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Alien probes are here?



 
 
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  #1  
Old February 19th 04, 01:18 AM
Steve Dufour
external usenet poster
 
Posts: n/a
Default Alien probes are here?

Interstellar Espionage: While We're Watching Mars, Could Someone be
Watching Us?

By Seth Shostak
Senior Astronomer
posted: 06:00 am ET
22 January 2004





Have aliens sent mechanical emissaries to our solar system -- robotic
probes on a snoopy mission to reconnoiter Earth?

It's certainly an intriguing idea: sophisticated spy satellites from
light-years away monitoring our planet, watching the slow evolution of
life, and reporting back to their alien masters. Such a scenario has
frequently appeared in the SETI literature, and Allen Tough, at the
University of Toronto, has urged that we take the idea seriously
enough to make a search for these alien "bugs."

You might question whether interstellar spying makes sense. After all,
there are several hundred billion star systems in the Galaxy, spread
across a disk 100,000 light-years in diameter. Sending billions of
probes over such daunting distances sounds like a project that no
alien congress would ever approve.

But the idea can't be dismissed that easily. Advanced societies --
even those that are only modestly beyond our own -- will have catalogs
of planets known to support life. This inventory can be assembled by
using large telescopes to collect and analyze the light reflected from
the atmospheres of other worlds; looking for "biomarkers" such as
oxygen and methane. Finding these gases on someone else's planet would
be a clue that biology is present. Surprising as it may seem, microbes
can be detected at light-years' distance using this technique.

If worlds with life are plentiful, then some of them will be
relatively close to the aliens' home planet, encouraging a close-up
look via a probe. If bio-worlds are rare, then these would be so
singular as to make the greater travel times required to reach them
worth the wait. Either way, there could be some stimulus to post a
probe. And the total number of probes need not be extraordinarily
large.

How big do the probes have to be? Allen Tough has written that these
alien bugs "could be smarter and more knowledgeable than any human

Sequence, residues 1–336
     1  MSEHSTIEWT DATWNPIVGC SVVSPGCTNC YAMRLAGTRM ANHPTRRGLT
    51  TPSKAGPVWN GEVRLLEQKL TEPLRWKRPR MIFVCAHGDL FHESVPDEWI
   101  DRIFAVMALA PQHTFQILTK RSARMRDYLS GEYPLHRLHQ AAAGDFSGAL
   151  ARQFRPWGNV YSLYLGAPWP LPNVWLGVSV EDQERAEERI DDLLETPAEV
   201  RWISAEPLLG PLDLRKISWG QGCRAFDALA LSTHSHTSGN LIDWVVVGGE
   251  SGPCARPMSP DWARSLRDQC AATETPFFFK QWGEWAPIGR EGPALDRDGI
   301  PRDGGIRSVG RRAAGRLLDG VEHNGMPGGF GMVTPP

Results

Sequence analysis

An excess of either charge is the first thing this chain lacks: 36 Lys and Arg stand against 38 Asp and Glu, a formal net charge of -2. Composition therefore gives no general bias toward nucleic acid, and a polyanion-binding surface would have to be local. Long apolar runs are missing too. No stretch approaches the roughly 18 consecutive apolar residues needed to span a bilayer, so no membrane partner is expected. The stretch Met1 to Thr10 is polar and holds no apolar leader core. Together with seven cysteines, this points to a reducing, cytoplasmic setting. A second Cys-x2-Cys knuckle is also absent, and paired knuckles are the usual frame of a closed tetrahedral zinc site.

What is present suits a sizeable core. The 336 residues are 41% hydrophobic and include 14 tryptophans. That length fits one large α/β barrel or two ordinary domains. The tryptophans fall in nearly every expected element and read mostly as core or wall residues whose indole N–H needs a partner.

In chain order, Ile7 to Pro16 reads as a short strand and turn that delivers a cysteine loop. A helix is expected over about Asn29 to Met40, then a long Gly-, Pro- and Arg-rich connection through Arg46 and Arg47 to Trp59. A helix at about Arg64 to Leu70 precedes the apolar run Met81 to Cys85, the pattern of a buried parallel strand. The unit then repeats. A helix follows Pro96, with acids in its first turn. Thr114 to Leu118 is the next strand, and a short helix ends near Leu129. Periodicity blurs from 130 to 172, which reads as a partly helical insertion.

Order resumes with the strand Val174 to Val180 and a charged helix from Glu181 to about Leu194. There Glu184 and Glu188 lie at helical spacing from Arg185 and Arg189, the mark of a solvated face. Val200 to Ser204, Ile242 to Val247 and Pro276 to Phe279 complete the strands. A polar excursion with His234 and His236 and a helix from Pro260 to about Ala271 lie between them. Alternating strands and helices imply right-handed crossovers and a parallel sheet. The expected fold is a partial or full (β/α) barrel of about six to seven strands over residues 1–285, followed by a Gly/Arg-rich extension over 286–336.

being, yet… be smaller than a basketball or baseball." Smaller is
better for two reasons: less energy is required to hurl them to other
worlds, and they would be harder to find and confiscate by any
intelligent beings on the spied-upon planet.

On the other hand, the probes are pretty useless if they don't have
the oomph required to send back data, either via a radio signal or a
tightly focused infrared laser (the latter seems more sensible to me).
So the aliens might opt for a "master-slave" setup somewhat akin to
the scheme used to retrieve data from the Mars rovers. A relatively
small probe could orbit near to Earth, making high-resolution photos
and collecting information, while a larger, more distant "mother ship"
could be hanging out in, say, the asteroid belt, where it would
process the data from the smaller probe and relay it back home.
Another approach would be to have only one probe, but on a highly
elliptical orbit (like a short-period comet). This scheme would keep
the probe largely out of sight, but bring it close to our planet for
detailed looks every few dozen years.

What about the costs? For a truly advanced society, the bill for the
hardware might be negligible. But to send a probe to the stars at even
a leisurely one-tenth light speed requires a substantial dollop of
energy. If the probe weighs 10 pounds, the minimum energy necessary to
rocket it to target and then slow it down on arrival is roughly 5,000
trillion joules. If you buy that much energy from your local electric
company, it will cost you $120 million. Frankly, although a bill that
size would probably stupefy your spouse, it's not an unthinkable
amount (a Mars Exploration Rover costs three times as much).

Still, there are some probe-o-phobes who ask, "why would the aliens
bother? After all, the probes can only telemeter their data at the
speed of light. Why wouldn't the snoopy extraterrestrials simply await
our television signals? These would reach them at the same time any
report from a probe would."

Indeed. And one could argue that the content of our broadcasts would
tell alien viewers all they might want to know about our society (I
won't lapse into the obvious…)

But there's another angle. Life on Earth has been detectable (via
atmospheric biomarkers) for two billion years. Intelligent life is
only a recent, and so far, brief, phenomenon. Very few (if any) of the
biologically active worlds investigated by probes are likely to have
brainy life. The aliens will surely know this. They will send probes,
not to find us – after all, our signals, in the end, will find them –
but to investigate, up close and personal, life that isn't ever going
to broadcast. For 500 million years, there's been a rich pantheon of
plants and creatures on this planet, making it a natural history
exhibit of enough interest to warrant a close-up look.

So probes are a possibility. And maybe one was launched our way,
sometime in the last two billion years. We might still be able to find
it, if we knew where to look. Should we make a careful investigation
of the asteroid belt? The Earth-Moon Lagrange points? Perhaps parked
in a nearby orbit, or on the Earth itself?